An Administrator ('Admin') is a contributor responsible for managing a given resource.
A Moderator is a contributor responsible for enforcing process and standards in a given communications channel.
Ensure discussions are on topic, civil, etc.
Post key announcements in a timely fashion.
The following duties are common to all roles.
Primary role Owners should report once a month in the form of a comment on their Issue. The report should contain whatever information the owner believes would be valuable to other users, contributors and stakeholders. The comment should be formatted in Markdown as follows:
## YYYY.MM report <content> /cc bisq-network/compensation#<number>
<content> is the content of the report itself, and
<number> is the number of that contributor’s monthly compensation request. Example.
Some roles may have nothing to report in a given month. In this case, a report should still be written stating that there is "nothing to report". Example.
Role owners should include a summary line item for each role they own in a monthly compensation request. Each summary should include:
The name of the role,
a link to the owner’s monthly report for that role, and
the total amount of BSQ being requested for performing the role’s duties during that month.
|Secondary role owners should not submit monthly reports or compensation requests for a role unless they actually performed the duties of that role during that month.|
The amount of BSQ requested should include any hard costs (e.g. hosting) plus time and effort costs involved in performing the duties of the role. These costs should be detailed in the monthly report as follows:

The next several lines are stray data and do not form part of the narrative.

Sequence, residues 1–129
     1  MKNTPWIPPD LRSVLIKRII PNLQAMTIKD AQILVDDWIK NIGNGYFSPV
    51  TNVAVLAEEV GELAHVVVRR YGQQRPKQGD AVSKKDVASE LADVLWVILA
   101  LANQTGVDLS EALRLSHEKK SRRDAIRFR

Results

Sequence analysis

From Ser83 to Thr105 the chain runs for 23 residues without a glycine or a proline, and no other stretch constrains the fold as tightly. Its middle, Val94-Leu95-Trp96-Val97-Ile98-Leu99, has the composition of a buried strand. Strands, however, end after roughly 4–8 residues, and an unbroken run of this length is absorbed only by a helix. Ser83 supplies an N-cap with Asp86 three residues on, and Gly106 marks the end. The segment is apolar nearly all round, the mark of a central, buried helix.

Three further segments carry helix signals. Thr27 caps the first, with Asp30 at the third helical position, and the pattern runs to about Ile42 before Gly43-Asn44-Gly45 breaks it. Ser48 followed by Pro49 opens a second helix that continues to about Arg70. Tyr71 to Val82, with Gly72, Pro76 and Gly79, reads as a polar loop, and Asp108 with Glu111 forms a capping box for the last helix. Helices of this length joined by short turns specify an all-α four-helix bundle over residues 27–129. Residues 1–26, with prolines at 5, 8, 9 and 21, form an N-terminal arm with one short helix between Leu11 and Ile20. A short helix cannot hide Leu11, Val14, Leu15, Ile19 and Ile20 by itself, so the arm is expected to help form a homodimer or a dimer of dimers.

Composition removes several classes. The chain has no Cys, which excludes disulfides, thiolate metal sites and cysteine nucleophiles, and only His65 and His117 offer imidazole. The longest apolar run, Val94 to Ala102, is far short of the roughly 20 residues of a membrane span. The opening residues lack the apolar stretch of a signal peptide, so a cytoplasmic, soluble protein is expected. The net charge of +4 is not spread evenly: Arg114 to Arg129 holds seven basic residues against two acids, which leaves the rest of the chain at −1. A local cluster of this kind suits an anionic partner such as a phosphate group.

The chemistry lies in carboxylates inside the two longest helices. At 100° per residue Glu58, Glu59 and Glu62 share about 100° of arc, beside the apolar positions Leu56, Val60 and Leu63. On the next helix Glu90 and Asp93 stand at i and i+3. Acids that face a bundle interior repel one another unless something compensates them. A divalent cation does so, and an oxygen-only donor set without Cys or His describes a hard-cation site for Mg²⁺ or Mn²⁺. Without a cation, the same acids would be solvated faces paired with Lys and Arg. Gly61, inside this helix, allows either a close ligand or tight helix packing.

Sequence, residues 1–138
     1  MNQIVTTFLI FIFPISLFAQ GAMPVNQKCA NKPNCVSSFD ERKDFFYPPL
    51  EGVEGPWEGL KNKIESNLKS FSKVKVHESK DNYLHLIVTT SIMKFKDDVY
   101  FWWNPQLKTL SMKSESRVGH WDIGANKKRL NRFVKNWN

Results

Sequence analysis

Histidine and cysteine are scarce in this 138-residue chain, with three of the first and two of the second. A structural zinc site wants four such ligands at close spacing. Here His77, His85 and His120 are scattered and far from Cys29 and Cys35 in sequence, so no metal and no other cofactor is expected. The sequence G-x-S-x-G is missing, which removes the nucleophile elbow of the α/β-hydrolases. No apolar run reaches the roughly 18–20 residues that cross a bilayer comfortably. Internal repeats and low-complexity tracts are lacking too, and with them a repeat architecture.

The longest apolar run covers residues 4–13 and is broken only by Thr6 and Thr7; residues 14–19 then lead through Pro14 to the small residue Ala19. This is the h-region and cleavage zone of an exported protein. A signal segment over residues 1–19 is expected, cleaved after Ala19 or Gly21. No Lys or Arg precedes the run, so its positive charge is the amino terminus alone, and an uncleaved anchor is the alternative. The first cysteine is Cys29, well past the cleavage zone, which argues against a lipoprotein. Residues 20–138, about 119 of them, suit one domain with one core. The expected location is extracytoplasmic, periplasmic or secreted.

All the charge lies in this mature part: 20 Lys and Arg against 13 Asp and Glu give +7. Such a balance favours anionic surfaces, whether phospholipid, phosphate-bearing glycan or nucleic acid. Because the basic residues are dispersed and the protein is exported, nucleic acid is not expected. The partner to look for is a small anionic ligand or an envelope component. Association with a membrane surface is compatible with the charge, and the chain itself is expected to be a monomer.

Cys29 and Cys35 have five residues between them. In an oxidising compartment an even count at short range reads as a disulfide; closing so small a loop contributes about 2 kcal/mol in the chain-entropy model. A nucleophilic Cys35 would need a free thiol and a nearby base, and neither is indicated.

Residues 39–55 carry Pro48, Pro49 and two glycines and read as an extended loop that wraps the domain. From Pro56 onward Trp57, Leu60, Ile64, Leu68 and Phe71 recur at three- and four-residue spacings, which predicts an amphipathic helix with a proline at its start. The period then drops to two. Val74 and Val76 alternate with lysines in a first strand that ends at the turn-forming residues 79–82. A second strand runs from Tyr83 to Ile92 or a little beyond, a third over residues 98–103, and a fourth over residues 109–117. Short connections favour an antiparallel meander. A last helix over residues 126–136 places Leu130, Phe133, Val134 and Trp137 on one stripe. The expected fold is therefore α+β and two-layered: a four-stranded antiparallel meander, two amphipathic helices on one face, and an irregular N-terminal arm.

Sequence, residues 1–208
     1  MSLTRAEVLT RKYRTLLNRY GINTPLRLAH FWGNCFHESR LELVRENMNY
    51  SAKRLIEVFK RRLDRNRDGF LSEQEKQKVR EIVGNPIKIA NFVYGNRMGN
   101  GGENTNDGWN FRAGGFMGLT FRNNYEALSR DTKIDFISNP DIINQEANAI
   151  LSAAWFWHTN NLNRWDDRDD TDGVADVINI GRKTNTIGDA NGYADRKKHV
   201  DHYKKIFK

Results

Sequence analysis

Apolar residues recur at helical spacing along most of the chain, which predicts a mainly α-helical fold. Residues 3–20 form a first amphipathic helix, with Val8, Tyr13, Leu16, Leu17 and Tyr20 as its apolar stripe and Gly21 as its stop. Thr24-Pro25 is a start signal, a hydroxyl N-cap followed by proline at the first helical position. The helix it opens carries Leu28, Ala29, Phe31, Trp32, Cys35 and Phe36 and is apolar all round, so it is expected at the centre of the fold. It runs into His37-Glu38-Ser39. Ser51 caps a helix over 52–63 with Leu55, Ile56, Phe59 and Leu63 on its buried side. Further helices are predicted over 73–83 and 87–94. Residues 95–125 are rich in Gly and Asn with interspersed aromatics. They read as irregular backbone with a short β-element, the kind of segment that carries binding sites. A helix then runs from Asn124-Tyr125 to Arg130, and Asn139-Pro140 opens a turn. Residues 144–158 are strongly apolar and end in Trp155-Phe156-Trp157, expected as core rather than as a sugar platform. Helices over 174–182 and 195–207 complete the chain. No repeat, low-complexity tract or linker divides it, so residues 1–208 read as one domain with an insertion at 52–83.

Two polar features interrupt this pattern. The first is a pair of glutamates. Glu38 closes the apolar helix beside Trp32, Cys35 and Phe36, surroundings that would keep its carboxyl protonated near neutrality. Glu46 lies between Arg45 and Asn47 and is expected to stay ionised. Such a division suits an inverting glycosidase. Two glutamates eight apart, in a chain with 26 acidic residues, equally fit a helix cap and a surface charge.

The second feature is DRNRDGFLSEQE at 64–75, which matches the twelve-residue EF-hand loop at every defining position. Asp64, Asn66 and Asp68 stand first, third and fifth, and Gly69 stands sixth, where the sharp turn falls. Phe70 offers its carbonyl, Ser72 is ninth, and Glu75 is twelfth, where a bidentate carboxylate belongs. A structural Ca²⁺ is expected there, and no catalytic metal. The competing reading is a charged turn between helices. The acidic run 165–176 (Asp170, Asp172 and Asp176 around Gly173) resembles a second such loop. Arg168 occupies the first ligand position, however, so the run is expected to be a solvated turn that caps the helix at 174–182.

## 2018.07 report
Regular duties | 150 BSQ
Big issue cleanup | 200 BSQ
Total: 350 BSQ
## 2018.07 report
Hosting 2 nodes @ 50 USD/mo on Digital Ocean | 100 BSQ
Upgrade nodes to v0.7.1 | 50 BSQ
Total: 150 BSQ
The only work items that should be included in role compensation are those Duties that can be performed only by that role’s owner. Everything else should be itemized independently.
For example, as mentioned above in the Maintainer Duties section, a repository maintainer’s main duties are merging pull requests and triaging incoming issues. If the person playing the maintainer role submits their own pull requests, or performs reviews of others' pull requests, that work should NOT be grouped together with regular maintainer duties when putting together a compensation request. Rather, each PR submitted or reviewed should be called out separately as individual contributions.
Most roles involve special Rights that, if abused, could cause damage to the Bisq Network. For this reason, role owners must put up a bond in BSQ commensurate with the amount of damage that could be caused. In the event of a role owner turning into a bad actor or being grossly negligent, this bond can be confiscated through a BSQ voting process.
Bonding is not currently in place during Phase Zero of the Bisq DAO, but is being implemented and will come online when we go live on Bitcoin testnet.
Roles Maintainers are the contributors responsible for the system of roles described throughout the rest of this document.
Write access to the bisq-network/roles repository.
The following are some common roles-related processes.
Typically, proposing a new role is one part of a larger proposal to introduce some new resource or process.
A primary role owner may add a secondary owner with the following steps:
A primary owner may transfer ownership to another with the following steps: